The principals’ union has been warning for weeks of a major staffing crisis that was created by a deal made in late August between the U.F.T. and the de Blasio administration. That deal essentially mandated that schools create three groups of teachers: one to handle all-remote students, another to teach students who come to school part of the week — known as hybrid students — when they are in the classroom and a third to teach hybrid students at home. That would have required schools to double their teaching staffs — during a hiring freeze, and with mass layoffs looming.
Principals across the city have said the requirements imposed by the teachers’ union and the city were simply impossible to fulfill, and many school leaders have said they could only provide effective instruction by skirting those rules.
Alison Gendar, a spokeswoman for the U.F.T., defended the reopening plan and the union’s role.
“Since last spring, the U.F.T. has pointed out the need for additional staff if schools were to reopen safely while observing social distancing,” she said in a statement. “The current agreement is designed to staff the schools in a safe manner, and the city has committed to hiring and redeploying enough qualified educators to meet this challenge.”
Mr. de Blasio’s effort to reopen schools in New York City, which has one of the lowest virus positivity rates of any big city in America, has been plagued by political opposition and bureaucratic mismanagement. The city’s principals, who rarely wade into major political fights, have been publicly and privately raising alarms about reopening for months.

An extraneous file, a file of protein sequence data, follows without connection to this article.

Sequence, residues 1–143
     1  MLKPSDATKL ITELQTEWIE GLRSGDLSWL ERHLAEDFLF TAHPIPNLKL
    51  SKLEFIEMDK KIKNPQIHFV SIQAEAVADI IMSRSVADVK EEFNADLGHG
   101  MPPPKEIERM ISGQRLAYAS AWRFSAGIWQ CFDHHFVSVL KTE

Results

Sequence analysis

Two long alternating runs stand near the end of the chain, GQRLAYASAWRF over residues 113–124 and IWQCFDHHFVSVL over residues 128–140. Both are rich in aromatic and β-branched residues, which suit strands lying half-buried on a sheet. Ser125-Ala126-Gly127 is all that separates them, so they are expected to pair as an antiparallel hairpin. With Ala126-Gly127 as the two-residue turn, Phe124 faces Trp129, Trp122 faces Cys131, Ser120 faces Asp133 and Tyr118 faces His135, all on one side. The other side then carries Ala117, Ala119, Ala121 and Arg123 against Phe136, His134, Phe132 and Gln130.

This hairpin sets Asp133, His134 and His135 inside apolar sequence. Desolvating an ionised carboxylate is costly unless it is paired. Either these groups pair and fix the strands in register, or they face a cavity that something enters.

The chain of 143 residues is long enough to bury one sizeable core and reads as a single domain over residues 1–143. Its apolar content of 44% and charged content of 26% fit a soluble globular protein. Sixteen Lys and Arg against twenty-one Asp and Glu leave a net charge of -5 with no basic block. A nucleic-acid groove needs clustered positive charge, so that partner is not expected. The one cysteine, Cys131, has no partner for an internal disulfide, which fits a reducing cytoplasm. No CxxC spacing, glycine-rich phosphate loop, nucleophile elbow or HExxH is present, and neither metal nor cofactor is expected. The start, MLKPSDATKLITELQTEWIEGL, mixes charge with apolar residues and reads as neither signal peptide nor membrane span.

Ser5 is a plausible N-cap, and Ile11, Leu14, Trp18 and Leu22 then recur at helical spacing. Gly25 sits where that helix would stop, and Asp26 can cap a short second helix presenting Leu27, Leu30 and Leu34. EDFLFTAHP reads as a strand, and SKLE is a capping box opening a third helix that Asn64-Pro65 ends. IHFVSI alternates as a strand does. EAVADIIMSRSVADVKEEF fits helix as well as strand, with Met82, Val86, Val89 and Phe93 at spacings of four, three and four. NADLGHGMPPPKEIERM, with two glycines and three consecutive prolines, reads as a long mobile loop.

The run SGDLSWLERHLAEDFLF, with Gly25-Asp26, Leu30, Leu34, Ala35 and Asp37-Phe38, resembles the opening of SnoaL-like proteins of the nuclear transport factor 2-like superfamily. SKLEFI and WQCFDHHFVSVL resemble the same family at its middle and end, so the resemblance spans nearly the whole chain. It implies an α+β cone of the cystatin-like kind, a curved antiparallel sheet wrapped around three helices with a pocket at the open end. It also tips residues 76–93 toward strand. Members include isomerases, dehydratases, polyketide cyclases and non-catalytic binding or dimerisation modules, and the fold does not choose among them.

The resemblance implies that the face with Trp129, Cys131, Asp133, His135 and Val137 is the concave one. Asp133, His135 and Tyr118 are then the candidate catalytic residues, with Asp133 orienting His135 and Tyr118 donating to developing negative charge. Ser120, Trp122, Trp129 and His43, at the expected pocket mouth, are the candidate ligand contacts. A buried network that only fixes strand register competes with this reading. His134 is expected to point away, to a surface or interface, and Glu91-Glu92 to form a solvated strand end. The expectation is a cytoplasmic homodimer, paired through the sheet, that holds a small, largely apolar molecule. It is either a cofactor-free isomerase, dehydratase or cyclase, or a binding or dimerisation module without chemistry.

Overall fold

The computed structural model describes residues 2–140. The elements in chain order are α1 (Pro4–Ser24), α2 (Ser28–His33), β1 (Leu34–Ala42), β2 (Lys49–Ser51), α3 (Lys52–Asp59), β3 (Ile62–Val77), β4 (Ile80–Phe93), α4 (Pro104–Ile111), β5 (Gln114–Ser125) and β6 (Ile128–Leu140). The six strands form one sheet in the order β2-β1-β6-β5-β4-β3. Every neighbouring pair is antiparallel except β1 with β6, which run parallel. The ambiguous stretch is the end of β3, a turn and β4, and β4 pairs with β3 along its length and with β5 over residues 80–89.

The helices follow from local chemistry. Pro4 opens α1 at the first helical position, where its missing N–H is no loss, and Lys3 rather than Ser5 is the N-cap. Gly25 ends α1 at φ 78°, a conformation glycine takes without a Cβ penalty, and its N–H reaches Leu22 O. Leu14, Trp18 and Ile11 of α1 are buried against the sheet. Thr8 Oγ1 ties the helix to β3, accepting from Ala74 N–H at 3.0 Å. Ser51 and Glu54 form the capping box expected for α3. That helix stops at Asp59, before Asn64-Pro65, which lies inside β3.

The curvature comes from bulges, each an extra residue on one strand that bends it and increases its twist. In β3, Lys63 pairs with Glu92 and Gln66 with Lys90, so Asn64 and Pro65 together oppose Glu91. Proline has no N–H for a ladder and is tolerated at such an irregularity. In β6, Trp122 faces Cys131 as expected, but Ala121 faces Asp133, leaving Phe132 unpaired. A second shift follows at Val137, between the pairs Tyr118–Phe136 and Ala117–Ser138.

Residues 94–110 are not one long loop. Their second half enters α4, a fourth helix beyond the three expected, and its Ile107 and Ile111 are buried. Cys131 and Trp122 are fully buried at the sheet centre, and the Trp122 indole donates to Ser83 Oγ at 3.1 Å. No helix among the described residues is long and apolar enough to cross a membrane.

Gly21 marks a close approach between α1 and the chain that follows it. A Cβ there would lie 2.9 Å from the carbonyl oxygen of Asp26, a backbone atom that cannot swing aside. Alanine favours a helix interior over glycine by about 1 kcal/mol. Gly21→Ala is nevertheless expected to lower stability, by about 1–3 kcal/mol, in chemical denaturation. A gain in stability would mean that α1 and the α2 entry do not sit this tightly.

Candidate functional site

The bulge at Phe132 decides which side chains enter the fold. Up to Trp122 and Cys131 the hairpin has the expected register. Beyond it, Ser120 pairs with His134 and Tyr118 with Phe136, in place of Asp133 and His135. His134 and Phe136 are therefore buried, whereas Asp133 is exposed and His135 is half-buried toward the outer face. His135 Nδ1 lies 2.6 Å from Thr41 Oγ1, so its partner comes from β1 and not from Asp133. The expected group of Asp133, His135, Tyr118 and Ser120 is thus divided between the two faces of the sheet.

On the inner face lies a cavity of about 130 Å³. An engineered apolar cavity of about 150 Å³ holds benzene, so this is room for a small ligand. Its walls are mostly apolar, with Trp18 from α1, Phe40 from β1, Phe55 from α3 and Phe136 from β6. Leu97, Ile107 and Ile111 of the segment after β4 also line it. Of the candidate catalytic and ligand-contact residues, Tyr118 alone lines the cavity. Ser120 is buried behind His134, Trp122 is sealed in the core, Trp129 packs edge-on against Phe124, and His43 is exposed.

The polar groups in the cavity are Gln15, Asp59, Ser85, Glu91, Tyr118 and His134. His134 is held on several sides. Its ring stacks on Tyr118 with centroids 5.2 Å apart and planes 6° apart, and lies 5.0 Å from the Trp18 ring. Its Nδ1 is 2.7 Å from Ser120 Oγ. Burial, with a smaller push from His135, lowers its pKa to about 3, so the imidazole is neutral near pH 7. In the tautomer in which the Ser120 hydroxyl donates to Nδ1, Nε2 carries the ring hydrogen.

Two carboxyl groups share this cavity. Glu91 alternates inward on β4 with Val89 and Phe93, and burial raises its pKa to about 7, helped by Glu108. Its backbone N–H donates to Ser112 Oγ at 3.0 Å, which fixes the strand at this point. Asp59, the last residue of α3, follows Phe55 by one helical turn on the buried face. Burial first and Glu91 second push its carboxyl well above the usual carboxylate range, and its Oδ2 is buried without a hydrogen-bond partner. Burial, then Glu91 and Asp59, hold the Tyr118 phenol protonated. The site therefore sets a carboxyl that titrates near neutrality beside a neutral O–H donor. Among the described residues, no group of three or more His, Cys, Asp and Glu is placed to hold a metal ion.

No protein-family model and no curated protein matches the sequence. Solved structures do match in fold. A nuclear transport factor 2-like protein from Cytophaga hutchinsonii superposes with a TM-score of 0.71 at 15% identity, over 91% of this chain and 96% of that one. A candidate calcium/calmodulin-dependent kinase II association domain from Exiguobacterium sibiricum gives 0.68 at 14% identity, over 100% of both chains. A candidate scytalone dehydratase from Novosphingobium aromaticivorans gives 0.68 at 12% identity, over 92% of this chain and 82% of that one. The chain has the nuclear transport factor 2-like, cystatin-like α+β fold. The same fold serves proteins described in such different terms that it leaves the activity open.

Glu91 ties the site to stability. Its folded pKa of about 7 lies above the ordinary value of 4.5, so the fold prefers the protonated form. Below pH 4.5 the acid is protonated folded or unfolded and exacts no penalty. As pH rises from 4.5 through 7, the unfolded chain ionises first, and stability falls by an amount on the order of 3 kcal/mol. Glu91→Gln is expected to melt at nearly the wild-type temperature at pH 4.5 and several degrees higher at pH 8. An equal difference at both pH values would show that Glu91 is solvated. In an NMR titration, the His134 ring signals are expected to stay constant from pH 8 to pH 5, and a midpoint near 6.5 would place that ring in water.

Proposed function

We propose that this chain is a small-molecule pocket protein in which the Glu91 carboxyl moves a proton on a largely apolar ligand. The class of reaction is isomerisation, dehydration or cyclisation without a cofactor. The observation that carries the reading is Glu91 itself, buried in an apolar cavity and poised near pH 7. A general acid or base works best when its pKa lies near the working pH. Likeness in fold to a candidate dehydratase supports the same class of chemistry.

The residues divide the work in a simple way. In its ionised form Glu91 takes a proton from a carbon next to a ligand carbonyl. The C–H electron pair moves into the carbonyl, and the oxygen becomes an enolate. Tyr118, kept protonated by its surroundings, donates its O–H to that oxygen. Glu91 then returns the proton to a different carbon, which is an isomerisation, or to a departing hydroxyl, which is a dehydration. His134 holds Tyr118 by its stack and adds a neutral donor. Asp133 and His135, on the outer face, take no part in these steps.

But the mayor largely brushed their concerns aside for many weeks, even as hundreds of principals said they could not fully staff their schools and that they could not answer urgent questions from their teachers, parents and students about the reopening effort.
While the teachers’ union had said earlier in the summer that schools were not ready to open because of safety issues, including outdated ventilation systems in aging school buildings and lack of school nurses, the city has been able to fulfill most of the U.F.T.’s safety demands. That union is now supportive of the city’s reopening plan.
It has become clear in recent weeks that the city was able to address those safety concerns, as daunting as they were, but was stymied by the puzzle of staffing two versions of school, one in-person and one online.
Mr. de Blasio has added thousands of educators to city schools in recent weeks, largely substitutes and educators from a pool of teachers who are still on city payroll but no longer have full-time teaching positions. But Mr. Cannizzaro estimated that the city could need over 1,000 teachers for in-person and remote classes by Tuesday, and more for when middle and high schools reopen later in the week.
If classrooms do reopen as scheduled this week, it is also still unclear how long they can stay open.
Mr. de Blasio has said the school system will automatically close if the city’s average test positivity rate reaches 3 percent. If virus clusters in parts of Brooklyn in particular continue to grow, the city could reach that threshold in only a matter of weeks, public health experts have said. For now, average positivity is hovering around 1 percent.